Training Squadron SEVEN
The "EAGLES" of Training Squadron Seven originated as a Naval Advanced Training Activity located at Naval Air Station Millington, Memphis, Tennessee. Originally composed of two advanced training units, ATU-105 and ATU-205, in July 1958 they were consolidated into a single squadron, BTU-7. This Squadron used T-28 "Trojans" and T-29 "Seastars" to train student aviators in basic instrument flying.
In June 1960, the Squadron moved to Naval Air Station, Kingsville, Texas and began receiving the T2J-1 "Buckeye", a two-place jet trainer built by the North American Aviation Corporation and the forerunner of today's basic jet trainer. The Squadron was designated Training Squadron SEVEN (VT-7) in July 1960 and received the mission to provide training in jet transition, precision aerobatics, basic and radio instruments, formation, gunnery, and carrier qualifications.
In July of 1961, Training Squadron SEVEN moved to newly established NAS Meridian, MS. On 15 December 1961, the Squadron split to form a "sister" squadron, Training Squadron NINE. In 1964, Training Squadron SEVEN won its first of fifteen Chief of Naval Operations Aviation Safety Awards for representing not only a superior safety record, but also an aggressive and professional approach to safeguarding the lives of all personnel. 1999 marked the most recent year that Training squadron SEVEN yet again was awarded the CNO safety award.
In October of 1970, the newest member of the "Buckeye" family, the twin-engine T-2C aircraft, made its appearance aboard Training Squadron SEVEN in response to the Navy's need for a more reliable and powerful training aircraft. A year later, in August 1971, a major change took place in the structure of the Naval Air Training Command. Training Squadron NINE split to form a "sister" squadron, Training Squadron NINETEEN, and both squadrons began sharing the basic training role at Meridian. At that time, Training Squadron SEVEN transitioned to the Douglas TA-4J "Skyhawk" and took over the advanced strike missions including air-to-ground weapons delivery, low-level navigation, air combat maneuvering, and carrier qualifications. This allowed a flight student to complete both intermediate and advanced jet training at one Naval Air Station.
Training Squadron SEVEN completed its first advanced strike student in the spring of 1972 when First Lieutenant L. C. Ernst received his "Wings of Gold". As of October 2000, the "Eagles" of Training Squadron SEVEN winged over 3,200 Naval and Marine Corps Aviators. Additionally, the Squadron trained over 200 International Students from France, Italy, Kuwait, Spain, Thailand, and Brazil.
Training Squadron SEVEN has received many awards throughout its history. In 1964, VT-7 was awarded its first of thirteen Chief of Naval Operations Aviation Safety Awards for representing not only a superior safety record, but also an aggressive and professional approach to safeguarding the lives of all personnel. In January of 1975, VT-7 completed its first accident-free year in the A-4 "Skyhawk," and in July of that same year amassed a total of 35,000 accident-free hours. In November 1981, the squadron received a unit commendation from Secretary of the Navy John Lehman for accomplishing the squadron's Pilot Training Requirement (PTR) for fiscal year 1980, while remaining accident free for the entire year. In 1994, the squadron was presented the Vice Admiral Goldthwaite Award, the Golden Anchor Award and the CNO Safety Award. They also received the Safety Award in 1995 and the Vice Adm. John H. Towers Flight Safety Award in 1996.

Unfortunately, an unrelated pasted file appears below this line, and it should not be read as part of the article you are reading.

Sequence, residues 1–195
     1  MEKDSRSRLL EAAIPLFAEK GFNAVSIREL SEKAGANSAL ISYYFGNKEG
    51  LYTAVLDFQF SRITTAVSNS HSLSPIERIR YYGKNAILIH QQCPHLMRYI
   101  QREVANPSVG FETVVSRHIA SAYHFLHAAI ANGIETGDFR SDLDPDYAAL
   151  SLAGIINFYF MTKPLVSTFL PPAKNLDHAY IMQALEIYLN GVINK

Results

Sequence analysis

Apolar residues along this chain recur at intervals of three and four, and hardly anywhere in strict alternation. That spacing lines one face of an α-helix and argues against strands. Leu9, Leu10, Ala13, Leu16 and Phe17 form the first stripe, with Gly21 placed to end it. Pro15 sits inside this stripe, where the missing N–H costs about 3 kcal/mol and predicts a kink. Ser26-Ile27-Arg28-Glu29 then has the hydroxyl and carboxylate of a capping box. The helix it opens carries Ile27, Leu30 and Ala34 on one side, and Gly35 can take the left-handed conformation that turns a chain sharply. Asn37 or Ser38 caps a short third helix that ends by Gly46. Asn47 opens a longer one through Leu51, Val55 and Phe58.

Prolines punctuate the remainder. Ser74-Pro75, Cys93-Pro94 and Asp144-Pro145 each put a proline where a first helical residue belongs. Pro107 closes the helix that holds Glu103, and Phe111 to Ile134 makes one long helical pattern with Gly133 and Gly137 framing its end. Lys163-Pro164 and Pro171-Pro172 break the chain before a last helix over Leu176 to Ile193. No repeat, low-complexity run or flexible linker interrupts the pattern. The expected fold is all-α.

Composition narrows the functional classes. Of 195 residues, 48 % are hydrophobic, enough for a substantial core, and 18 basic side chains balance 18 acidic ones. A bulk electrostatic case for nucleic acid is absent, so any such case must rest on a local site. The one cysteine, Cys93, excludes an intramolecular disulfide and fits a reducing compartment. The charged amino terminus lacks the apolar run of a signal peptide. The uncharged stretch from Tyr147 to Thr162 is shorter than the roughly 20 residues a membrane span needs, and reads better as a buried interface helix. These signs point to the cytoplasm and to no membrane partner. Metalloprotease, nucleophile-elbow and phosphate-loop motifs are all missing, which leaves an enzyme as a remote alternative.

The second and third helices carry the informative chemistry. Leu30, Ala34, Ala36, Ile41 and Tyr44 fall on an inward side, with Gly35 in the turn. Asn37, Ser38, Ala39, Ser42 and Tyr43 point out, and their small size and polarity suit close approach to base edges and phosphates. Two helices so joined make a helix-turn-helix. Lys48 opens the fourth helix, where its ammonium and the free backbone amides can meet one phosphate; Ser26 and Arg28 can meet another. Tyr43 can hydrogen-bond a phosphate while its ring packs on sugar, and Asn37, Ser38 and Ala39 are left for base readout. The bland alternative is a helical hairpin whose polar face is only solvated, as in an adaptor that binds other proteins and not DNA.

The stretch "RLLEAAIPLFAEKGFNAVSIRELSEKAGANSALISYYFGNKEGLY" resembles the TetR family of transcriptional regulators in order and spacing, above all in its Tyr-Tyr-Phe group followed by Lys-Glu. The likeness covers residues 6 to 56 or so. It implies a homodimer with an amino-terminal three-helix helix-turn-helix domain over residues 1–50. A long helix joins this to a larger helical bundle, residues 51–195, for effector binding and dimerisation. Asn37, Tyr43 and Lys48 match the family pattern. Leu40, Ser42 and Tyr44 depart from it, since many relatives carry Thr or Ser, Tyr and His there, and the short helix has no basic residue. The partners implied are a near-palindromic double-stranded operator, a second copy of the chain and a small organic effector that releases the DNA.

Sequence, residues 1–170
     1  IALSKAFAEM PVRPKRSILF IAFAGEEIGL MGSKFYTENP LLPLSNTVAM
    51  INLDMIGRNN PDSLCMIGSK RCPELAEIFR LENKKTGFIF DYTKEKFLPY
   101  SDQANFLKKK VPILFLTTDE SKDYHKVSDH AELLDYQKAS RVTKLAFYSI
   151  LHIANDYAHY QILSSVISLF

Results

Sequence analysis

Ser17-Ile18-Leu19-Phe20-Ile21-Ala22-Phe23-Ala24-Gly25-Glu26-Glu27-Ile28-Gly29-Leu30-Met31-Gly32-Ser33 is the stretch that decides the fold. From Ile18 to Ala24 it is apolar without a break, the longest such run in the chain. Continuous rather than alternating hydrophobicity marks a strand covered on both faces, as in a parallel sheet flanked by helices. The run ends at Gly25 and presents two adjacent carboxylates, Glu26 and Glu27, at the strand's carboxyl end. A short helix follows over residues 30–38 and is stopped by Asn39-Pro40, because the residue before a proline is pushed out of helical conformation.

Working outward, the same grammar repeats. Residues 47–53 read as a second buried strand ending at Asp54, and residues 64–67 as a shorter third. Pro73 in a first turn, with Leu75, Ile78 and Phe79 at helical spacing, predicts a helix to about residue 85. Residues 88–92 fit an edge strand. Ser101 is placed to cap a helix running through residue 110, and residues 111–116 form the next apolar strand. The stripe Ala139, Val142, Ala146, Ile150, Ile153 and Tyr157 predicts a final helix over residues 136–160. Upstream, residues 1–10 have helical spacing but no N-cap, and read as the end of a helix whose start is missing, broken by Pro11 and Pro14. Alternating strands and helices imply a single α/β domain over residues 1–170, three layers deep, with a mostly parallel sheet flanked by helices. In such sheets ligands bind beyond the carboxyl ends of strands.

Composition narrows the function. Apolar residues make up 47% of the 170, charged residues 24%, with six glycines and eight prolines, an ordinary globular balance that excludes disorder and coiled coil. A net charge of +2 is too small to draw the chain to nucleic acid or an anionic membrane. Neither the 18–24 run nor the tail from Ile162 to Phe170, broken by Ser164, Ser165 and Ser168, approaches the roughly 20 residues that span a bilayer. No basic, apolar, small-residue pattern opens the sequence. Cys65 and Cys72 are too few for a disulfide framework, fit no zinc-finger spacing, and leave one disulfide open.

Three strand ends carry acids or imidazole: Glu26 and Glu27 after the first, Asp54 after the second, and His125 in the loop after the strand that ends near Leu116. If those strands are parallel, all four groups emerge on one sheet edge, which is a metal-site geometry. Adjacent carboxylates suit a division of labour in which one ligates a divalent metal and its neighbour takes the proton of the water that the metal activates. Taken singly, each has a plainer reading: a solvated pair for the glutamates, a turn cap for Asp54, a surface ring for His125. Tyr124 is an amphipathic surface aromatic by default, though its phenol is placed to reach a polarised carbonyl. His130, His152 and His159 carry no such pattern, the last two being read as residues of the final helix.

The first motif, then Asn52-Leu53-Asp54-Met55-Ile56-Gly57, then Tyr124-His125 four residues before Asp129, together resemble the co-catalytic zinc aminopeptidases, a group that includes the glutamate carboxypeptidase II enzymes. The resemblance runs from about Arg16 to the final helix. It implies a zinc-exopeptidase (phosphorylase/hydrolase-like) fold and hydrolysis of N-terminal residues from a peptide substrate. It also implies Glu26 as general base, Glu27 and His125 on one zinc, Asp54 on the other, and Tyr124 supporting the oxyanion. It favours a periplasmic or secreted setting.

September 1999 marked the end of an era in Naval Aviation and Training Squadron SEVEN. After over 28 years of faithful service, the Eagles winged their last Naval Aviator in the venerable TA-4J, and the last Skyhawk flew from the VT-7 flightline. A new chapter began as Training Squadron SEVEN transitioned to the T-45C Goshawk. In its first year of Goshawk service, VT-7 flew over 18,000 sorties, accumulated over 21,000 flight hours, and 1295 Carrier landings.
The student naval aviator pipeline takes approximately two years of intense flight training involving many hours of ground school, flight simulator work and close to 300 hours of flight time in three different aircraft. The students also accomplish a feat known only to a handful of pilots in the world -- they land jet aircraft on board an aircraft carrier, qualifying them as carrier aviators. There is a continuous pool of approximately 90 student naval aviators in VT-7 at any one time.
|Join the GlobalSecurity.org mailing list|